The Athletic’s business model is shortsighted and stale

Credit: Anna Boyle/Art Editor Credit: Anna Boyle/Art Editor

On The Athletic’s home page, a heavy font proclaims it loudly as: “The New Standard of Sports Journalism.” Above it are the topics you can explore: from the USA to Canada, the site boasts exclusive hockey, football, baseball, and college sports coverage. Even just glancing at the contributors, there are plenty of instantly recognizable names for even casual purveyors of sports media. For all intents and purposes, it seems like a sports fan’s dream.

Except that it costs $60 a year.

So what is the new standard of sports journalism exactly? And why are the founders so confident they can convince sports fans across North America to reach into their wallets?

Part of this confidence draws directly from the entire reason The Athletic is able to boast such an impressive roster. In mid-2017, sports writers across the country were laid off as some of the bigger networks, like ESPN and Fox Sports, started the process of pivoting to mostly video content. These writers, left without anywhere to go, immediately latched onto The Athletic, founded in Jan. 2016. Although the site began in Chicago, it has since spread to 38 markets, covering nearly every major sports team in the country.

By all accounts, the writing at The Athletic is strong. There are almost 150 writers on staff, and nearly all are well established in their field. A limited selection of articles are released free to the public, but these often show a high level of journalism that is thought provoking, if not worth the investment.

Especially within Pittsburgh, the idea of a subscription sports website is nothing new. Sports writer Dejan Kovacevic launched DK Pittsburgh Sports in 2014, marketed as a subscription-based website providing sports coverage for the greater Pittsburgh area. For a while, this was a revolutionary business plan, and he received much of the same criticism now directed toward The Athletic. According to Kovacevic, The Athletic promised not to start a Pittsburgh site. However, the site premiered their Pittsburgh coverage earlier this year, and currently employs two previous employees of Kovacevic.

The problem is, The Athletic doesn’t challenge any of the conventional tropes of mainstream sports journalism. They do not offer their subscribers anything that cannot be provided from local papers. And yet in a 2017 interview for The New York Times, co-founder Alex Mather stated, “We will wait every local paper out and let them continuously bleed until we are the last ones standing. We will suck them dry of their best talent at every moment.” This predatory mindset has become a rallying point for critics of the subscription site. While writers across the board continue to insist The Athletic is merely meant to be another option of finding sports coverage, the attitudes of the founders and the site itself are extremely aggressive.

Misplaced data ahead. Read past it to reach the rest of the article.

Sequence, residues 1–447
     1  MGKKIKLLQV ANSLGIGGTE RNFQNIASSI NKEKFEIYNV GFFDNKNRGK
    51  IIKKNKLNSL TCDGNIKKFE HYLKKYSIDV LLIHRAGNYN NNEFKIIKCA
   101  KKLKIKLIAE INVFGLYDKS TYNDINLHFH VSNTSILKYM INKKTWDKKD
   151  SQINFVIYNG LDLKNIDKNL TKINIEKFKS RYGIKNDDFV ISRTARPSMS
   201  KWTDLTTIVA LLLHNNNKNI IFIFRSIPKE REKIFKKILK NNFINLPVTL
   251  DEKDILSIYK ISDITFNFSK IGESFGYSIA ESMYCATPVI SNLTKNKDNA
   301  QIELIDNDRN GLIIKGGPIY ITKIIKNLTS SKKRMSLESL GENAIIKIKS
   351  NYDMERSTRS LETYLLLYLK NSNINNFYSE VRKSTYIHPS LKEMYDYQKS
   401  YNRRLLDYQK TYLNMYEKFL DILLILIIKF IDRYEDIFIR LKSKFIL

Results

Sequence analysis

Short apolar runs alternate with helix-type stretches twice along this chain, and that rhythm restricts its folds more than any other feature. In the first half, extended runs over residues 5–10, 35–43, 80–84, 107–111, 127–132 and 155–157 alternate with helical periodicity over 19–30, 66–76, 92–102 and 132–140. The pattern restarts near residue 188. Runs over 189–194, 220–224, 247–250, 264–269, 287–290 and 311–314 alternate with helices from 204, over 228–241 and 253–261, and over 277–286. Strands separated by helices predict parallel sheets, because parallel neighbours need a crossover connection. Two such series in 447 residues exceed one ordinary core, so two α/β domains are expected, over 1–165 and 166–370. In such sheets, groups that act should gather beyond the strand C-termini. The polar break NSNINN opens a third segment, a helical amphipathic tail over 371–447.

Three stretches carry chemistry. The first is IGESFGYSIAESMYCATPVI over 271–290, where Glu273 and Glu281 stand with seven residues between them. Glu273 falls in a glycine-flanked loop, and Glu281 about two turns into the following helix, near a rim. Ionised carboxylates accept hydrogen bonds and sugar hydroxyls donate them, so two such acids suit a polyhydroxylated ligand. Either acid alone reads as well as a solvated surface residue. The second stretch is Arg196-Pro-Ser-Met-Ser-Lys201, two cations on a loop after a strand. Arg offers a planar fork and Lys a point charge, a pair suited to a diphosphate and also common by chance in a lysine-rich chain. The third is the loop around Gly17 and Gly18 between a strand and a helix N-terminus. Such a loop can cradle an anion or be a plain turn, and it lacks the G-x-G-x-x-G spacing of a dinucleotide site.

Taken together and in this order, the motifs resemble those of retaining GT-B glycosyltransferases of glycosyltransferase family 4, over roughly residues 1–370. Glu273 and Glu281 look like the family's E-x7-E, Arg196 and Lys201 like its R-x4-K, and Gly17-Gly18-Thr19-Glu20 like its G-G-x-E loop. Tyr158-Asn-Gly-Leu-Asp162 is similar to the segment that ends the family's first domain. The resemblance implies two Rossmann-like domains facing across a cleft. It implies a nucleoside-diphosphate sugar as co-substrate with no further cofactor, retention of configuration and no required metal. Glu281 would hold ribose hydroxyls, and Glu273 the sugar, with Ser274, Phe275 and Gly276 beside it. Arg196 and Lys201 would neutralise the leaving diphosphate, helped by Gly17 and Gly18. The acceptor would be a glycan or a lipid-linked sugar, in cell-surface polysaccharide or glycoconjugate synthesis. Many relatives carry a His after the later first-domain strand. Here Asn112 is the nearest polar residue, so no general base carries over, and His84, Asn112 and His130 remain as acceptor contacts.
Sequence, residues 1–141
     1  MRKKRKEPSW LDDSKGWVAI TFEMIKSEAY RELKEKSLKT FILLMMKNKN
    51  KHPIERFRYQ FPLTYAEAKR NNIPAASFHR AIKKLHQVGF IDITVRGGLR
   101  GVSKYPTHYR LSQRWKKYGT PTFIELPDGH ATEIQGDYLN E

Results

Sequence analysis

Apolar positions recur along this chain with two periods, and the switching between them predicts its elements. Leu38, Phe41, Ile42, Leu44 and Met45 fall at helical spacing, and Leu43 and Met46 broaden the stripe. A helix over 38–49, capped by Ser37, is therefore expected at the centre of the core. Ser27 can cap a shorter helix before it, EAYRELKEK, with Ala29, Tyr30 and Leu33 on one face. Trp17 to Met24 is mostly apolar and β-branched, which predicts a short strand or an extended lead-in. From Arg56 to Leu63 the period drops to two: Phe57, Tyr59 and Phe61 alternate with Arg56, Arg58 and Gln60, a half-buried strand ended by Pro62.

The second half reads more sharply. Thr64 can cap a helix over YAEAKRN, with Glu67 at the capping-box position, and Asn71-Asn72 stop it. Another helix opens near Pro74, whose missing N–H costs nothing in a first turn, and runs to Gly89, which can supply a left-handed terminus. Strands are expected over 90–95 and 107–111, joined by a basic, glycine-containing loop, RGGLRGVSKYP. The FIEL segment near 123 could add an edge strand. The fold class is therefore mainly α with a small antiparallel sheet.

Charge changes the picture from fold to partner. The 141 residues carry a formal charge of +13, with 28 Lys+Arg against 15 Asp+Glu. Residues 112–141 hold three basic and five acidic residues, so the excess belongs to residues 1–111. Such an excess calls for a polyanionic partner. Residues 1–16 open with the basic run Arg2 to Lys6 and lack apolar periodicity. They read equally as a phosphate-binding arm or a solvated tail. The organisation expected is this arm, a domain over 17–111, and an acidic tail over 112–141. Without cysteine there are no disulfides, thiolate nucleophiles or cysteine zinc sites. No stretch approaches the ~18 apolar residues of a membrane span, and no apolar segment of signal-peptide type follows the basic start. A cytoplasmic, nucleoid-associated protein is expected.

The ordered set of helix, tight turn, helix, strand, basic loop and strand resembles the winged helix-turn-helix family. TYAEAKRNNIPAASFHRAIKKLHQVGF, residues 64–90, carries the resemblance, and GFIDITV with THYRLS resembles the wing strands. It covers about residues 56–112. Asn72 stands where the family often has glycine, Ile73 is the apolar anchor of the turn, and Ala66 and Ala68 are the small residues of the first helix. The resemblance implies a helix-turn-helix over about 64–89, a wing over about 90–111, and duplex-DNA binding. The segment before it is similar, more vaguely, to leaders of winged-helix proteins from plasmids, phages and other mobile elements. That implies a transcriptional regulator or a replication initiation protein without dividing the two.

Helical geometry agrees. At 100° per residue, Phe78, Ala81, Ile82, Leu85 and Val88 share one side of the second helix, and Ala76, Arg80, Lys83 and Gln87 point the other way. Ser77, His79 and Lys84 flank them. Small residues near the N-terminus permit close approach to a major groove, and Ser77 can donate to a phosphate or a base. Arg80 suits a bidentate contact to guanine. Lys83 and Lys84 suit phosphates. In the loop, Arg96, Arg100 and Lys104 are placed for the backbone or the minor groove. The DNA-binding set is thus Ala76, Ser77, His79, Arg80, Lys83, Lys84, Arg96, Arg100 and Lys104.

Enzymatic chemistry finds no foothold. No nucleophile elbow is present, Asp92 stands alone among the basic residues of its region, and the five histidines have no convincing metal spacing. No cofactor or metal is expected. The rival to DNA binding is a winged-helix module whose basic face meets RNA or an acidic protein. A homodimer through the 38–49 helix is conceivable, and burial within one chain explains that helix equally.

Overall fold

But when perusing The Athletic web pages, the coverage looks incredibly similar to those of corresponding local paper sites. Also noteworthy, The Athletic does not provide any different or diverse voices. The website employs primarily white men, something pointed out time and time again by critics. Writers for the site tend to respond in the same way — that they realize this is an issue, and are looking into fixing it. However, a year into their big boom, nothing has changed. In fact, a new hire was announced recently: a man to run and improve their fantasy sports coverage. And yet The Athletic still has no writers or mechanisms in place to cover women’s sports.

The lack of women on staff continues to be a concern for critics. In a Slate article published this month, Aaron Gordon puts it well: “It’s difficult to square the Athletic’s claim that it’s providing stories that readers cannot find elsewhere with the fact that almost all of its writers and editors come from that most conventional of elsewheres...At a time when sports and sports coverage are getting more diverse, the Athletic is harkening back to an era almost entirely devoid of diversity.”

So why, then, can The Athletic claim to be the future of sports writing? The only revolutionary piece of their formula is charging people to read the same content they had been reading for years. There is no new perspective, as they continue to give jobs to those already established in the industry. In fact, thanks to The Athletic, you are more likely to find new, fresh voices at your local papers as they replace those who have moved on.

For sports that are not as heavily in the mainstream, such as hockey or MLS, The Athletic is certainly something new with its more focused, specific content. Perhaps that is why the site has done particularly well among fans of the NHL, with nearly every premier hockey writer transitioning to The Athletic in the past year and a half, with multiple websites now focused on every Canadian market. But for old standards, industry veterans continue to carry the flag, leaving new, promising journalists in the dust.

There are many avenues a site like The Athletic could take. They could pioneer a focused method for writing on women’s sports, something that right now is mostly supported by espnW. They could give new writers a chance to excel in a format that prioritizes emotional and novel stories. They could use their now influence to try something new.

Until then, The Athletic will continue with the same trite formulas established for years by sports pages across the globe. Sure, the writing is good, but does that matter when it’s stale?